Amtrak Derailment In Vermont Sends Six To Area Hospitals With Minor Injuries

An Amtrak derailment in Vermont has sent at least six people, possibly more (reports vary) to area hospitals with minor injuries, Fox News is reporting.

As the Amtrak Vermonter was making its nearly 14-hour daily journey from St. Albans, in northern Vermont, to Washington, D.C., the train came upon a rockslide around the town of Northfield. Passengers said the train, which they believe was traveling at about 50 mph, apparently hit some rocks on the track at about 10:30 a.m. local time. At least two cars, according to CNN, derailed from the track and slid down an embankment.

In a statement made available via the Barre Montpelier Times Argus, Amtrak confirmed that rocks appear to have played a role in the derailment.

“Amtrak management is responding to the reported derailment of Train 55 – the Vermonter – in the area of Roxbury, Vermont. The train was traveling from Saint Albans, VT to Washington, DC when it derailed after reportedly striking a rock slide on the tracks. … First responders are on the scene. There are no immediate reports of any life-threatening injuries. Further updates will be provided as more information becomes available.”

Describing the derailment to ABC News, passenger Ian Turpin, a 24-year-old from New York, said he heard a “heavy thud.”

“The car was shaking from side to side and I could tell something was going off the tracks.”

According the Argus, the Amtrak’s engine and two cars slid down an embankment — the engine’s windows are shattered and the vehicle is, as of this post, resting against some trees near “a steep drop off.” Two other passenger cars are completely off of the tracks; a third car is sitting diagonally across the tracks; while the remaining cars are safely on the tracks.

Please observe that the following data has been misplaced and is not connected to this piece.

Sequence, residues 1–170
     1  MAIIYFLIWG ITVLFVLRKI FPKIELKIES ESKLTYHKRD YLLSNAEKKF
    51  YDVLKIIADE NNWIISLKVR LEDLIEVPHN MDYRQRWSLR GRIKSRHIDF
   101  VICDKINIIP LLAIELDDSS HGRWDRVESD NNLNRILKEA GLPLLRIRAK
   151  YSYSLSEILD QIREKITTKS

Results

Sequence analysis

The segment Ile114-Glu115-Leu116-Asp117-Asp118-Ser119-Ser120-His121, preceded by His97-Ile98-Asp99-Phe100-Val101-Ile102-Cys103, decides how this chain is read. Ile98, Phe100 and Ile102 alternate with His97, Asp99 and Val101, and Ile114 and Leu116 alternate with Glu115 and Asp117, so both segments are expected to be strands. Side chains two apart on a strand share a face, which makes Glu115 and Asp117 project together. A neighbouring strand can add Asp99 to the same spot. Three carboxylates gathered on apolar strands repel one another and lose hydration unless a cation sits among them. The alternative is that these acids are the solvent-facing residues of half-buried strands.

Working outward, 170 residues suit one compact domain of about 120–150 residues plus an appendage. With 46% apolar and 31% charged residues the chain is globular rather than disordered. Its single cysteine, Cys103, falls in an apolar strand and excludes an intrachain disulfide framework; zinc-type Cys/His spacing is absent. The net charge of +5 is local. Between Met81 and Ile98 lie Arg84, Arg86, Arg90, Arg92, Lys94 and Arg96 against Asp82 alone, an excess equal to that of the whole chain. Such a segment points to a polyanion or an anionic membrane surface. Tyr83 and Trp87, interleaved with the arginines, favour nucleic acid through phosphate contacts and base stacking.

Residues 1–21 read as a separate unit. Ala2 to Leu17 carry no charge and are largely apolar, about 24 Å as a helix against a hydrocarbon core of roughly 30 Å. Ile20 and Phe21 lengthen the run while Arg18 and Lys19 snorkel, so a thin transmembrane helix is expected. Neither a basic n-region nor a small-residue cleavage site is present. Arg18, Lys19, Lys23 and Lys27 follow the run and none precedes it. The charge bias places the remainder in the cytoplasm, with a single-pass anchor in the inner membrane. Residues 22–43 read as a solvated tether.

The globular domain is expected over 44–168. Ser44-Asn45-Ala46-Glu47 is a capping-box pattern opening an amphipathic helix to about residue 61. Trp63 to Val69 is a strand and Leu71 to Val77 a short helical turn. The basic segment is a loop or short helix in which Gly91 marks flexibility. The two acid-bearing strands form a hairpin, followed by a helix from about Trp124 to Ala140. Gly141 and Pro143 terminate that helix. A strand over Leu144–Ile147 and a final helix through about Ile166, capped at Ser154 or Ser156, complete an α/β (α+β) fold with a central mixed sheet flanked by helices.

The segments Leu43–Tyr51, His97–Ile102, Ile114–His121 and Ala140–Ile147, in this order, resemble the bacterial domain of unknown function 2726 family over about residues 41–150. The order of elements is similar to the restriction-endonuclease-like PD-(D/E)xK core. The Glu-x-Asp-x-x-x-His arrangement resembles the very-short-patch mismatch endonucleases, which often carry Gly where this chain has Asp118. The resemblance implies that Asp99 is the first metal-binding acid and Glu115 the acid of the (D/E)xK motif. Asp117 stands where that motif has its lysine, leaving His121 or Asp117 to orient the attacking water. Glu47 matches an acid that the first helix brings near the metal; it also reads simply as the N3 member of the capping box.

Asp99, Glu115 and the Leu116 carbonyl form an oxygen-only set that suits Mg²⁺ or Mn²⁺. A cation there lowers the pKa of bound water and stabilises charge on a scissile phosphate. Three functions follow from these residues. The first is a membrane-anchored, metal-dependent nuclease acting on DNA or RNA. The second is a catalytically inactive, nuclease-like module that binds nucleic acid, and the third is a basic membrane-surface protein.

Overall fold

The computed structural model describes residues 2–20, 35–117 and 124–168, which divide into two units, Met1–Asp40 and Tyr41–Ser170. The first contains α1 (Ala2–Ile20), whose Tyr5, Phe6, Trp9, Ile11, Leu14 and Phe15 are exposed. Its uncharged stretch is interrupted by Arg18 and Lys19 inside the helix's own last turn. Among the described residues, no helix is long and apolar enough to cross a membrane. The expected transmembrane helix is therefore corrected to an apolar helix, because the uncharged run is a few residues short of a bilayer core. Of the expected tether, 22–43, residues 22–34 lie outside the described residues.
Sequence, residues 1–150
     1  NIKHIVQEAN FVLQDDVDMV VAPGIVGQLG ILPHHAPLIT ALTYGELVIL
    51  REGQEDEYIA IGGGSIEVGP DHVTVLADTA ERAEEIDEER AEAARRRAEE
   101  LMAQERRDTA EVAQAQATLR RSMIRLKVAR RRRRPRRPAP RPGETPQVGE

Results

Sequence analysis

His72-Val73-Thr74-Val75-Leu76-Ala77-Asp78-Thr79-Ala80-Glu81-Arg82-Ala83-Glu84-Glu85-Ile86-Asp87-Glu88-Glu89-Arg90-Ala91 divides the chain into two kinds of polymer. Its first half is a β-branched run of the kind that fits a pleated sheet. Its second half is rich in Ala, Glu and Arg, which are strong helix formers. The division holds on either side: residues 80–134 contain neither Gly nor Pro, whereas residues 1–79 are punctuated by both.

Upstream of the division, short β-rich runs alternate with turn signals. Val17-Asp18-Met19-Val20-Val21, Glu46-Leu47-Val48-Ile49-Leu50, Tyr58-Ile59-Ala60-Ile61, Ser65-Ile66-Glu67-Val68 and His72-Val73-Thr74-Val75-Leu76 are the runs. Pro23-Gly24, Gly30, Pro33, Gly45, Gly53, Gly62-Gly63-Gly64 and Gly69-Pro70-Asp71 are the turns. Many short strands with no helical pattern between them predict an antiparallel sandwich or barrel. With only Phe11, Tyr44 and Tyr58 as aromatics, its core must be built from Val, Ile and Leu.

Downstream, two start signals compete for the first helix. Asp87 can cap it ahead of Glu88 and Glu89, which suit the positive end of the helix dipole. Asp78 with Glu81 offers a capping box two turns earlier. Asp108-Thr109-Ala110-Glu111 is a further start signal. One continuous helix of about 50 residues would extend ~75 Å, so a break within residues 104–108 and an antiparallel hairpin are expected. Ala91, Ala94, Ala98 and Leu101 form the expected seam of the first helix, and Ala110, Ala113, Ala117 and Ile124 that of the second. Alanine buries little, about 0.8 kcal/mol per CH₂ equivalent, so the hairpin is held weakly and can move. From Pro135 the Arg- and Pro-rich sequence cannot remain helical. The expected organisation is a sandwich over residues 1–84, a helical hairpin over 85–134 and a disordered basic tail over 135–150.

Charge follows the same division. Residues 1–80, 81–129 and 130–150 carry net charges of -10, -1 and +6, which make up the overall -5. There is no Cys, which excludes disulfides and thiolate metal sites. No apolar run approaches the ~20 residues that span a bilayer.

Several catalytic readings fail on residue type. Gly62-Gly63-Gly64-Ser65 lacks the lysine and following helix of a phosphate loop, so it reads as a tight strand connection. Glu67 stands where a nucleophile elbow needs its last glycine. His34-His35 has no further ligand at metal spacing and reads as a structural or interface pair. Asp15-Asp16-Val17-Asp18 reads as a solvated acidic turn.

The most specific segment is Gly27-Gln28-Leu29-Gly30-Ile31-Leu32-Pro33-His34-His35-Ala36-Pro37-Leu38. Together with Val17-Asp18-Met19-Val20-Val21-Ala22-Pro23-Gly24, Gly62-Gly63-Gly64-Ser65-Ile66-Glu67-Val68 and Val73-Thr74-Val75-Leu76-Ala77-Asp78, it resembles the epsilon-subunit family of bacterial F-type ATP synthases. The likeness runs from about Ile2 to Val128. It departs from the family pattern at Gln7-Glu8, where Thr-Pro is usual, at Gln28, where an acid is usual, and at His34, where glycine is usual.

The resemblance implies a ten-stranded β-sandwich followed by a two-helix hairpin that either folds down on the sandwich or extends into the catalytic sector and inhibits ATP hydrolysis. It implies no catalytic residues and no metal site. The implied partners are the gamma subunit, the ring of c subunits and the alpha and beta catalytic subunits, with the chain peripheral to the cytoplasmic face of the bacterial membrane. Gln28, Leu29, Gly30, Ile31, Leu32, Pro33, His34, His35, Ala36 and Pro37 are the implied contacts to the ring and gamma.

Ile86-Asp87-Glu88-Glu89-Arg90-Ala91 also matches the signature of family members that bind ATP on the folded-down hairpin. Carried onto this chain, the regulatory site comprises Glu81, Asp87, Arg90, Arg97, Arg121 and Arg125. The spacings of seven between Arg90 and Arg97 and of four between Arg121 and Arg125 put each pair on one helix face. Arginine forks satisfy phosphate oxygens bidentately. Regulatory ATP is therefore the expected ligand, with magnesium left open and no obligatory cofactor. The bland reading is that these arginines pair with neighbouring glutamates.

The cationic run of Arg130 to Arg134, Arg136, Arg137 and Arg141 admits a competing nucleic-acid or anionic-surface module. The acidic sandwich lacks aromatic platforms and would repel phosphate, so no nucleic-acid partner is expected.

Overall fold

At least one passenger, the Argus reported, jumped into the engine car to help the crew, although it’s not clear, as of this post, what kind of help the passenger provided.

Rescue crews from several jurisdictions in central Vermont are on the scene.

Burlington TV station WCAX reports that six passengers were taken to area hospitals to be treated for non life-threatening injuries. At least one passenger was airlifted to Dartmouth-Hitchcock Medical Center in Lebanon, New Hampshire. That passenger’s condition is not known as of this post.

Those passengers who weren’t injured will be taken by school bus to Norwich University, where they will be given food and temporary housing. Amtrak intends to get them to the rest of their destinations by bus.

Monday’s Amtrak derailment recalls a much more severe derailment that took place in Philadelphia on May 12 of this year. An Amtrak train bound for New York City traveling at about 102 mph in a 50 mph stretch of track took a curve too fast, derailing the train. Eight people were killed and over 200 were injured in the Philadelphia derailment.

Although outdated technology may have played a role in the Philadelphia derailment, such does not appear to be the case in the Vermont derailment — Amtrak officials say that stretch of track had recently been rebuilt and was “state of the art.”

Officials believe about 80-100 passengers were aboard the Amtrak train when it derailed.

[Image courtesy of: Getty Images / Alex Wong]